Sub-series J: Williston Hall (built 1857 March-1858), 1857 - 2002
Scope and Contents
Sub-series J: Williston Hall primarily contains images of the building, both interior and exterior. The Mather Art Collection of classical sculpture (plaster cast replicas) is well-documented in photographs and stereocards. Classrooms (chemistry, Greek and Latin, mathematics) are also represented. The documents pertain to the building's funding, as well as to maintenance and planned renovations.
- Creation: 1857 - 2002
Conditions Governing Access
There is no restriction on access to the collection for research use. Particularly fragile originals may be restricted for preservation purposes.
Just two weeks after the fire that destroyed North College (1828-1857), Amherst College Trustees met and accepted Trustee Samuel Williston’s offer of a new building on the same site. Williston proposed a building with fire-proof chemical laboratories, meeting rooms for the literary societies, and a hall for alumni meetings.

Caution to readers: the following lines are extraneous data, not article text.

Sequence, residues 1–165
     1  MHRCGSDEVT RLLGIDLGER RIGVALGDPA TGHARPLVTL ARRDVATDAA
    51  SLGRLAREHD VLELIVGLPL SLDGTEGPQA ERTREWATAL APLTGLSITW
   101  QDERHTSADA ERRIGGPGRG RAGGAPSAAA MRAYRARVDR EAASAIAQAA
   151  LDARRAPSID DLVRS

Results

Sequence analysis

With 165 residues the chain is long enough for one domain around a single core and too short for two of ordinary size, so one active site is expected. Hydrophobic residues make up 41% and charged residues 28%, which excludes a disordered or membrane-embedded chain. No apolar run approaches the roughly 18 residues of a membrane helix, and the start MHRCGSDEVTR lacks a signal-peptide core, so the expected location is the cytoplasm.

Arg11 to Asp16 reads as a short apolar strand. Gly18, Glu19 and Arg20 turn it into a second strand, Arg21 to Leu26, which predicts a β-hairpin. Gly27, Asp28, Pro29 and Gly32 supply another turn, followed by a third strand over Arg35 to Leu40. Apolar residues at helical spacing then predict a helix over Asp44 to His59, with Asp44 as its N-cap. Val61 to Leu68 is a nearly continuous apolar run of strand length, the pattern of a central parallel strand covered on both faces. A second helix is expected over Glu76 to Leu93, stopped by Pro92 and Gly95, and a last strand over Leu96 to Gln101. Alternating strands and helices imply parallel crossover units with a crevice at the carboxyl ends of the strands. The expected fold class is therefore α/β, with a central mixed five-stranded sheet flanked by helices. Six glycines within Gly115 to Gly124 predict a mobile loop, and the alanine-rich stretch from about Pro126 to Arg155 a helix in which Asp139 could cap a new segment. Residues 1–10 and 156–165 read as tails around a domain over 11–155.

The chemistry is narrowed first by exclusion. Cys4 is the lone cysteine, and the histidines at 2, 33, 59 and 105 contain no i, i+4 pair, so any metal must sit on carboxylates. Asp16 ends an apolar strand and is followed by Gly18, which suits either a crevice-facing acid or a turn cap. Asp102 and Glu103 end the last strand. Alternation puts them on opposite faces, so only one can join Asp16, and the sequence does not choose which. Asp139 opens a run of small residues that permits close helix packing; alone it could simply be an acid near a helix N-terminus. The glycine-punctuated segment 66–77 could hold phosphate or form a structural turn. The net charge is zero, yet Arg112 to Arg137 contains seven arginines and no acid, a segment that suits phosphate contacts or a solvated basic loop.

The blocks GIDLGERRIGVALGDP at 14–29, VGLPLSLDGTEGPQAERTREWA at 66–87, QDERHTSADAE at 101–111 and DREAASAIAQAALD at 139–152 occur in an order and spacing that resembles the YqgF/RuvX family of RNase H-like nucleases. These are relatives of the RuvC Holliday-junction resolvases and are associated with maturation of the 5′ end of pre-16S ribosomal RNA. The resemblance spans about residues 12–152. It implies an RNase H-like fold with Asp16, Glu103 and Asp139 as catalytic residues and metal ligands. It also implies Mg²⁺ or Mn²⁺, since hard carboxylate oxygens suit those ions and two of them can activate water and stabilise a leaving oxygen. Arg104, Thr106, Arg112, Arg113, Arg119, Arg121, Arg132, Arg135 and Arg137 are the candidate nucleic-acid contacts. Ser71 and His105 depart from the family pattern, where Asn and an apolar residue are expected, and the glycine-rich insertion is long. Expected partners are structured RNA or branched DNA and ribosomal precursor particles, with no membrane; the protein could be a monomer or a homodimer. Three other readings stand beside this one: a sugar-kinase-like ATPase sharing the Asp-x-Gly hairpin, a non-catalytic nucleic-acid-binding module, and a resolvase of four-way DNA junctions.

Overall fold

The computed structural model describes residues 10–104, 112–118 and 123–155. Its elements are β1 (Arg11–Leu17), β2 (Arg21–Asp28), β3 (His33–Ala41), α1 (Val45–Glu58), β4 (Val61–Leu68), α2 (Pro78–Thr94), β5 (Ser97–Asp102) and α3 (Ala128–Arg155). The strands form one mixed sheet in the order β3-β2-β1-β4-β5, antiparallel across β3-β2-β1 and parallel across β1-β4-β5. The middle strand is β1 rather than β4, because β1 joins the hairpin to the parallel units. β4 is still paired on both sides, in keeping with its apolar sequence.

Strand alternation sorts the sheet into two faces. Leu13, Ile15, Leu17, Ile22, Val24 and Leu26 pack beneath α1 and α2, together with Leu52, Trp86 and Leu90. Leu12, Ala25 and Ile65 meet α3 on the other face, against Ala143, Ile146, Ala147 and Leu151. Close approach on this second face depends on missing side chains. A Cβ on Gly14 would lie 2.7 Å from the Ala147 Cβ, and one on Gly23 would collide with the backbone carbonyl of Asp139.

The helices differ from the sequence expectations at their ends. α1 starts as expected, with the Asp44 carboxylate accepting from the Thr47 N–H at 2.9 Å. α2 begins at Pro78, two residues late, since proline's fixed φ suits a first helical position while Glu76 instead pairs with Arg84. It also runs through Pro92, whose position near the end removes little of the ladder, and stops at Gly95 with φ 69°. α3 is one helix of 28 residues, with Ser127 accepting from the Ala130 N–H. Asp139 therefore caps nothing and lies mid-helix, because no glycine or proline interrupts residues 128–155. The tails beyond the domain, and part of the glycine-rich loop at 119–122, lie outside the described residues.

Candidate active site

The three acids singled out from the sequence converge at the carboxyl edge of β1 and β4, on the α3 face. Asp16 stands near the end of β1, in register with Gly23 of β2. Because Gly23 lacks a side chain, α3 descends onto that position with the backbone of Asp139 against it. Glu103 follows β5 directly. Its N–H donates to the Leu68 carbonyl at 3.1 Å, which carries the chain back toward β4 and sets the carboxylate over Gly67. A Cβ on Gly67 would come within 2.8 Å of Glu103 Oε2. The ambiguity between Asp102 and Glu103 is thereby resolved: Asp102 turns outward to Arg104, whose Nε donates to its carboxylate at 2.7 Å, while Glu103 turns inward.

In 1874, Professor Richard H. Mather (AC 1857) installed a collection of plaster replicas of Greek and Roman sculpture on the third floor. Mather, the professor of Greek, purchased the statuary in Europe, and saw the College’s first art collection as an educational tool comparable to the existing natural history collections in the Octagon and Appleton Cabinet. The Greek and Latin classrooms on the second floor were similarly filled with art and photographs of Greece and Rome. The cast collection was dispersed by 1935, when the third floor space was transformed into the “Freshman Reading Room,” to provide study space and relieve overcrowding in Converse Memorial Library. The Christian Association, a student organization affiliated with the national YMCA, had rooms on the first floor of the building; student members provided campus tours and information.
After World War 2, Williston Hall was remodeled to expand available classroom and office space, and the stair tower on its north side was removed (the original spire had been replaced in 1877, as it was structurally faulty; the second pyramidal spire was removed in 1925). The location of the tower is still visible today as lighter brick coloring on the north wall of the building. In 2002, Williston Hall was gutted and rebuilt as a dormitory.
1.5 Linear feet
Language of Materials